10-26-2017 08:15 AM - edited 03-12-2019 10:27 AM
This application note presents the configuration and call routing changes needed to provide a warning notification to a calling party that they have placed a call to 911. This announcement is intended to address the deployment and configuration details to assist in preventing accidental calls by users to the Emergency Services Public Safety Answering Point.
Accidental calls to 911 emergency services happen every day. If the caller hangs up before talking to a 911 dispatcher, then emergency services will be sent to the site to verify the emergency. Since most of these accidental calls are caused by users misdialing the number or by accidentally entering the long distance access code twice, administrators need a method by which to capture these inadvertent calls and allow the calling party to end the call prior to reaching the local PSAP. By intercepting calls to 911 and playing a short announcement before routing the call gives the calling party a chance to terminate the call prior to extending the call to the PSTN and thus prevent an accidental call to 911.
This Application Note will detail how to play an announcement to the caller when 911 is dialed prior to extending the call to the local emergency Public Service Answering Point.
This document is targeted at Cisco Unified Communications Manager administrators who are familiar with call routing in the UCM environment. To implement this feature, the administrator must have good knowledge of the existing dialplan, call routing and call flows to be able to implement the on-site emergency call announcement using the native call queuing capability. The administrator must understand Partitions, Calling Search Spaces and Translation Patterns. Since this configuration will be part of emergency call routing, it is very important that the call flows and device configurations be fully tested to ensure proper call routing.
In Cisco Unified Communications Manager 9.0, the native call queuing feature was introduced. The native call queuing feature allows administrators to set up very simple call distribution queues that could queue callers as well as play messages to caller in the queue.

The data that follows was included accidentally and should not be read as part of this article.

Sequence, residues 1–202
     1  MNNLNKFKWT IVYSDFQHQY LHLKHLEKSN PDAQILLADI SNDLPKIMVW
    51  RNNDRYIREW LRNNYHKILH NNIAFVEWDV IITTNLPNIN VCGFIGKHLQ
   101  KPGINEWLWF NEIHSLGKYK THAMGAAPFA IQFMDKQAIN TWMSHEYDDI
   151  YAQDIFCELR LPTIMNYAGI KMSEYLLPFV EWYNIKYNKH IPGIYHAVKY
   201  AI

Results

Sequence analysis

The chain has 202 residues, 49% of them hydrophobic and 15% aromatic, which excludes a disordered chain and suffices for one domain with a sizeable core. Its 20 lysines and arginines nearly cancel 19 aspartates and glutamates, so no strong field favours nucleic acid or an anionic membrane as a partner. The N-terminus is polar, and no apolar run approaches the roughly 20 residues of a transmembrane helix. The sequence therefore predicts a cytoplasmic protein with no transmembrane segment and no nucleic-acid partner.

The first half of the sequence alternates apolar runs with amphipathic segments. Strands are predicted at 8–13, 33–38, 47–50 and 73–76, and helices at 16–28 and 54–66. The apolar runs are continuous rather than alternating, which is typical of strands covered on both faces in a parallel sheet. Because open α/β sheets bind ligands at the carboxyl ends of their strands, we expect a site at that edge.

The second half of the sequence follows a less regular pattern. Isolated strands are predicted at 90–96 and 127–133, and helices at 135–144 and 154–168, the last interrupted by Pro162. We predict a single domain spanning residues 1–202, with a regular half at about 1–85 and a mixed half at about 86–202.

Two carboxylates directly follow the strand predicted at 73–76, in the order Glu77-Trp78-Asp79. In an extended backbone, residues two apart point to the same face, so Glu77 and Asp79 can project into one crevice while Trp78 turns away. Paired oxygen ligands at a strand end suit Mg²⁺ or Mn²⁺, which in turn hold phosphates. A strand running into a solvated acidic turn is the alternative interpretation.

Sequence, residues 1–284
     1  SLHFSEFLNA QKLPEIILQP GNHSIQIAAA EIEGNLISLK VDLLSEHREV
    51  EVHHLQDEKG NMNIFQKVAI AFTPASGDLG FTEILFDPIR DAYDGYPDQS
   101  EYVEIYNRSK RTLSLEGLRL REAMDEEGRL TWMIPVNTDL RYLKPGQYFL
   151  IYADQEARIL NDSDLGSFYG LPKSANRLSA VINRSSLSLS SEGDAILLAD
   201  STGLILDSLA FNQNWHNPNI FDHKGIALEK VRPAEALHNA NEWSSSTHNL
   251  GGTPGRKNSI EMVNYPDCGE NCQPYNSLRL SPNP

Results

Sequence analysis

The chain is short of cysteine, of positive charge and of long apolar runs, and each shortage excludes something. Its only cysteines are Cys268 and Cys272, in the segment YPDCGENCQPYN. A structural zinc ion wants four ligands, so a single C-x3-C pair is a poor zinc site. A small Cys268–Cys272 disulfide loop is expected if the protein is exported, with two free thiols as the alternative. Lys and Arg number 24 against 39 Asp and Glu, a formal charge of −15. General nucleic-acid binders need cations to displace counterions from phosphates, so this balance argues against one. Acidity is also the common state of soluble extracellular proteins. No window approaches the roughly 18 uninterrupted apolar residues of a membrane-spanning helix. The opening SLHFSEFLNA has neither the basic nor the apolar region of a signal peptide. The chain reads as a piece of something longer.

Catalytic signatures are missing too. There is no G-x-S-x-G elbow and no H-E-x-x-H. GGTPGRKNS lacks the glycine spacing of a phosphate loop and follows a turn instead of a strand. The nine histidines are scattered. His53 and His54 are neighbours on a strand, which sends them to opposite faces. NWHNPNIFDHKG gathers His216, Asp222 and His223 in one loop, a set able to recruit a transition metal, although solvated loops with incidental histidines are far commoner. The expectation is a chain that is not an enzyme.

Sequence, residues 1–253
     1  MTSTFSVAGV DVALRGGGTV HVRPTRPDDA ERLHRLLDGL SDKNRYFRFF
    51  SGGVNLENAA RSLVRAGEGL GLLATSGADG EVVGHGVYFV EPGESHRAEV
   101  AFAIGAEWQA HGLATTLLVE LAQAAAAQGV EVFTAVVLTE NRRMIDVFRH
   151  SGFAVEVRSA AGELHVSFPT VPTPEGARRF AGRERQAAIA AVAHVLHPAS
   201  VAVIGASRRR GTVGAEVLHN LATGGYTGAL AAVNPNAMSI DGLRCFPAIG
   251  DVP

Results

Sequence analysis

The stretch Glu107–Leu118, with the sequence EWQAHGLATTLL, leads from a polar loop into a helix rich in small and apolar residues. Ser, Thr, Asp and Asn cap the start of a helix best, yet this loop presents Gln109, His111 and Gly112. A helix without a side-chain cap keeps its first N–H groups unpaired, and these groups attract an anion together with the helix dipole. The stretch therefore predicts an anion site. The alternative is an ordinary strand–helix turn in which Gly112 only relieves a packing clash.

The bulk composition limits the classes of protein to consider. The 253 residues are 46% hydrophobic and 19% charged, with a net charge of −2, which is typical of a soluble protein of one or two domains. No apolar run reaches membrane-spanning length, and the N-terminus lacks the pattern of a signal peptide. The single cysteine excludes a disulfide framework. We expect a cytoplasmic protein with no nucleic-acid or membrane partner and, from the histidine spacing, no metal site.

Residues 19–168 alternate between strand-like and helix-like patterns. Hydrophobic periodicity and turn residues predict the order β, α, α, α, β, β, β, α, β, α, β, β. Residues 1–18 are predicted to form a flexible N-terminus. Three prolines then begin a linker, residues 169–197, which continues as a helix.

Since the native call queuing feature allows for the playout of a message upon entry into the queue, this capability will be used to play a very short message to the caller indicating that “you have called 911“ and the call is routed immediately after the message is played. The audio notification should be as short as possible to prevent delaying an emergency call any longer than necessary. Most deployments can deliver a notification message as short as 2 seconds allowing 95%+ of the accidental calls to be ended prior to the call reaching the external 911 dispatch center.
The call flow will capture emergency calls and route them to a hunt pilot and into a native call queue. The hunt pilot will play out a message to the calling party upon entering the queue. After the message is played, the call will be immediately forwarded to either a Cisco Emergency Responder server or to a Route pattern that uses Standard Local Route Groups for correct gateway selection. The logic for this call flow is shown in Figure 1.
This call flow can be used with CER or Standard Local Route Groups for call routing. The flow through a native call queue will not affect CER’s ability to identify the calling party device and correctly associate the device to the ERL and ELIN appropriate for the call. If emergency calling is deployed without CER, the call must be routed using Standard Local Route Group (SLRG) to select the correct gateway to reach the PSTN. Additional details on using CER or SLRG can be found in the Routing to CER or Route Pattern section later in this document.
Routing to CER or Route Pattern:
After the message is played to the calling party, the call should be routed to either CER or a route pattern to reach the PSTN.
If the call is routed to CER, the original calling party number and device name are passed to CER during the call setup, which will allow CER to correctly identify the location of the caller. Alternatively, if the UCM is already using Standard Local Route groups for 911 calling, then this call flow will be able to leverage SLRG to route the 911 calls after the annunciator. In either of these cases, there is no further consideration for routing the call other than routing to the CER Route Point or through a SLRG.
If the UCM is configured with multiple sites and/or multiple 911 PSTN connections, and the correct gateway is selected from a device based dial plan, then UCM call routing will need to change to support this call flow. In this case, UCM must be changed to use Standard Local Route Group (SLRG) to route calls to 911. When using device based call routing, the device’s calling search space will find a site specific 911 route pattern and route to the correct local gateway. But in this call flow, due to the fact that there is only one calling search space and route pattern that will be selected after the announcement is played to the caller, the calling party device’s calling search space will not be able to select the correct 911 route pattern and gateway for the calling party. So in order to select the correct gateway to reach the PSTN based on the location of the caller, the 911 route pattern must resolve to a SLRG to select the gateway associated with the device pool of the caller.